Bill Collier- Owning a freehold means you can live off your own land even if you have zero cash and no income and nobody can tax it away from you. This is, for is Freedomists, a moral question that supersedes everything else in the debate about how to provide public funding (taxes).
All the justifications for denying freehold to people are not just or moral. They represent a utilitarianism that has no moral or ethical basis and in accepting this for property taxes we accept it for all things and become slaves.
Before debating alternatives to property tax at a certain level, the level of what we call a freehold, let’s consider what a freehold is and whether it is good or just and desireable. This is the point my argument here; freeholds are morally necessary and dealing with how to accommodate them is a secondary concern we can work out after we have determined people should be protected in their feeehold.
In the past, freehold was a plot of land that had enough resources that you could meet your own basic needs for survival either from the land or the production of the land/your labor. The concept is simple: that which is necessary for survival should not be taxed.
As a concept, in the 21st century, a freehold is any property, real or digital, which is used to provide you with your basic needs at a reasonable level, such as food, health-care, shelter, clothing, and the like. To own your own freehold and have the means to protect and preserve it is the material foundation for all other freedoms, such as religious, speech, association, and the like.
Imagine if you had some property that could never be taxed or taken away once you bought it through your earnings.
Now, to be clear, this doesn’t mean all taxes in general or property taxes in particular should be taken away. The issue is that a freehold should never be taxed or taken away. For instance, the freehold concept has some standing in that, in the US and many countries, there is a level of income that is not taxed. We call taxable income the part of your income not essential to survival.
Our present tax codes in most countries both protect this freehold of necessity, untaxable income, and raise the needed public revenue through taxable income, that which isn’t essential to survival and basic needs.
The idea that property tax systems must burden people in their very necessity, so even a poor old woman living in a hut could lose her hovel to the tax man, is morally repugnant. Now, if you don’t agree that taxing the poor in their very necessity is morally reprehensible then we won’t convince you on utilitarian grounds.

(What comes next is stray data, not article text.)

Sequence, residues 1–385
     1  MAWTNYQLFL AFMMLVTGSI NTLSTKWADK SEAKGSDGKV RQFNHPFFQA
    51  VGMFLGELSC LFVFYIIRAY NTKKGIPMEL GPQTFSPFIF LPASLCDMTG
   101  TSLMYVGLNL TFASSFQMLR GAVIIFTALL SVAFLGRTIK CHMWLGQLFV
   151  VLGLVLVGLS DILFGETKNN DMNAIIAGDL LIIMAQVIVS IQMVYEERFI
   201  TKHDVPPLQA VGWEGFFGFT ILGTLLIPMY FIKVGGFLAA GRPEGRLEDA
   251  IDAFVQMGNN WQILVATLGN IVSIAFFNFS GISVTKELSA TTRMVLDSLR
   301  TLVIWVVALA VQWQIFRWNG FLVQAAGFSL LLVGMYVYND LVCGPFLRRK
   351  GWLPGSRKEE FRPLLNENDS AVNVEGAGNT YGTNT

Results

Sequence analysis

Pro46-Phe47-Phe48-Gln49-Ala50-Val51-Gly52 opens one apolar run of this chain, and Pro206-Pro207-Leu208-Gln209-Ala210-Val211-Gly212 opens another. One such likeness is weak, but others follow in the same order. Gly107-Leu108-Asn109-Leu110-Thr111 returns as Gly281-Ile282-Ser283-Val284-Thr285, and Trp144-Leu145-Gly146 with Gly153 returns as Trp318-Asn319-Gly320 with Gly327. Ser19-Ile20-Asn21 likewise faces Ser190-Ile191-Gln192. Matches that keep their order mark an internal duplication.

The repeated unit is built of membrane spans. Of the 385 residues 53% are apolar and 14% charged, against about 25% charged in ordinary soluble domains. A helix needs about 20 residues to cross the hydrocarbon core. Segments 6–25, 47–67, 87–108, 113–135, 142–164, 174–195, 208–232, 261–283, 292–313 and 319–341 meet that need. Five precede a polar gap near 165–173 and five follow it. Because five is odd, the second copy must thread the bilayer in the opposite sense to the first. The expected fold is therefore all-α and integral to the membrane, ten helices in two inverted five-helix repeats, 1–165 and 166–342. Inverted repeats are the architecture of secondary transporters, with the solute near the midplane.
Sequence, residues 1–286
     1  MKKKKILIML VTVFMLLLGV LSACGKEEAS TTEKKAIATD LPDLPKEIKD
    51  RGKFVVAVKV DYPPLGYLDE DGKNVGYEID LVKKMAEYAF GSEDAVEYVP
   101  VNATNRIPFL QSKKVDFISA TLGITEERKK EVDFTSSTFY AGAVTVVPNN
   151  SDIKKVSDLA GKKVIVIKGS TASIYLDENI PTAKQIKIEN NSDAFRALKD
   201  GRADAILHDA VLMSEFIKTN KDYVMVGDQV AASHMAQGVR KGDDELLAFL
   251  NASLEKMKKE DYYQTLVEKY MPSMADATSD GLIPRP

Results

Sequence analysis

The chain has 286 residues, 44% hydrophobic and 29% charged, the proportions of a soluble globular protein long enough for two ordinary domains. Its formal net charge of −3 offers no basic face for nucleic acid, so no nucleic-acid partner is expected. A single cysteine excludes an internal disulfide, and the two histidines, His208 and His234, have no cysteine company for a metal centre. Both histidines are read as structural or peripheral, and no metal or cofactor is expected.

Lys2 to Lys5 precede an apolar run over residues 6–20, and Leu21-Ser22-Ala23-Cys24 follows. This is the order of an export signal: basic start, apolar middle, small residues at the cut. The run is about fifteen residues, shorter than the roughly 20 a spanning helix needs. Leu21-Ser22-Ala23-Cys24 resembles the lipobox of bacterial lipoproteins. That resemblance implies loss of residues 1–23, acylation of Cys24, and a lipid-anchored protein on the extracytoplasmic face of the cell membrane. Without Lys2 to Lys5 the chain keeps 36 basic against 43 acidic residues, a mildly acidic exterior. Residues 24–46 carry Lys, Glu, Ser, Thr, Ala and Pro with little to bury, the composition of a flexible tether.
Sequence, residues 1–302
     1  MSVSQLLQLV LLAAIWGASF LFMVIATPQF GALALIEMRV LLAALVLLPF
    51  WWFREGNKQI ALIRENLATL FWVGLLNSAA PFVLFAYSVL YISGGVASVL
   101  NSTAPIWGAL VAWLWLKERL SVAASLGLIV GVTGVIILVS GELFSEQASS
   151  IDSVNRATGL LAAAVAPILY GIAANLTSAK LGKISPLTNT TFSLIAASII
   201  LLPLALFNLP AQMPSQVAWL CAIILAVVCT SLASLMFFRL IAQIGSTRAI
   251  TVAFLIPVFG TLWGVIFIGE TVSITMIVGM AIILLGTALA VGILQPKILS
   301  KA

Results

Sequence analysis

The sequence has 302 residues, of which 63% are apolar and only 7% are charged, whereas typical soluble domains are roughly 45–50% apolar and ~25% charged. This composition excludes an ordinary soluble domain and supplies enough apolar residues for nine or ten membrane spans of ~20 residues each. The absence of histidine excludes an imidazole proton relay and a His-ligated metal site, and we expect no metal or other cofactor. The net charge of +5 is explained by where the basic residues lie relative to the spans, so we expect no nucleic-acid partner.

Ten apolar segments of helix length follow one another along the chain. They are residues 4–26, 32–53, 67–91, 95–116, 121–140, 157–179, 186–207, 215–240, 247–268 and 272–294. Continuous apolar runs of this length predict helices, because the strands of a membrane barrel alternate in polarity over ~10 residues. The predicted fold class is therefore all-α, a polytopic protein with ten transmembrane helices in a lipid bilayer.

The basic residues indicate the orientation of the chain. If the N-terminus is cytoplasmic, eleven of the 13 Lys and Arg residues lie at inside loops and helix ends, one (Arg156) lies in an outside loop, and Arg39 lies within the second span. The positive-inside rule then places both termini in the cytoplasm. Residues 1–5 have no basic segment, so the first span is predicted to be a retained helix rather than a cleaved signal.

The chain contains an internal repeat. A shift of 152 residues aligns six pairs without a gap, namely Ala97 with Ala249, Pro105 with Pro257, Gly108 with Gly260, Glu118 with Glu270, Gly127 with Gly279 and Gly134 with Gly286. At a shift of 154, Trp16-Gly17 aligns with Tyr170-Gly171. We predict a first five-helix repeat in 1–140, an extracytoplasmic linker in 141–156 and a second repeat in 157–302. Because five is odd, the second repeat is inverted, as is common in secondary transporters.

Arguing that “without property taxes kids cannot get educated” is a utilitarian argument that assumes that not taxing freeholds and providing education are mutually exclusive and that refuses to even consider that this argument is a fallacy. It isn’t a proven or irrefutable “fact” that public education must needs tax people in their basic needs, their freehold!
It is more difficult for politicians to raise revenue when necessities are left off the table. That is a given. But it is more difficult for people to pay taxes on their freehold, especially when their income is low. It is also seems logical that an entire population living in the certainty that they are just a few paychecks away from not being able to afford their property taxes and feed themselves is a net social ill.
We can hear an argument for the concept of flat tithing, as existed in Biblical days, as a just model. But this was of income only and it is argued it was in fact from increase, not necessity.
What is more, this was religious and an act of faith, two forms of loyalty no government can rightly claim.
Indeed, a flat tax beyond necessities seems morally good, better even than property taxes which may bankrupt a person whose income may have dipped or decreased. Why tax someone for the value of something they own and take it from them when their income goes down: you increase penury and disaffection which both udnermine social order.
The freedhold concept makes you materially self-sufficient and not beholden to anyone but God. It’s that simple. If you lack the means to pay tax on your own home and it is just a basic, average home, and could lose your home to the tax man, then, we humbly submit, you are not free.
Some compromise may be possible. For instance, even property taxes could be means tested in some way so that the property tax doesn’t exceed a certain percentage of income. This would require that the way we calculate such taxes, shifting to something like “beyond necessity” income and/or property, must change. Either the average house and farm is not taxed below a certain value or property taxes are balanced by a means test.
In short, a freehold is a moral case for freedom! You either believe it or you don’t. But if you reject the moral virtue of a freehold, what other freedoms might you be persuaded to reject on utilitarian grounds?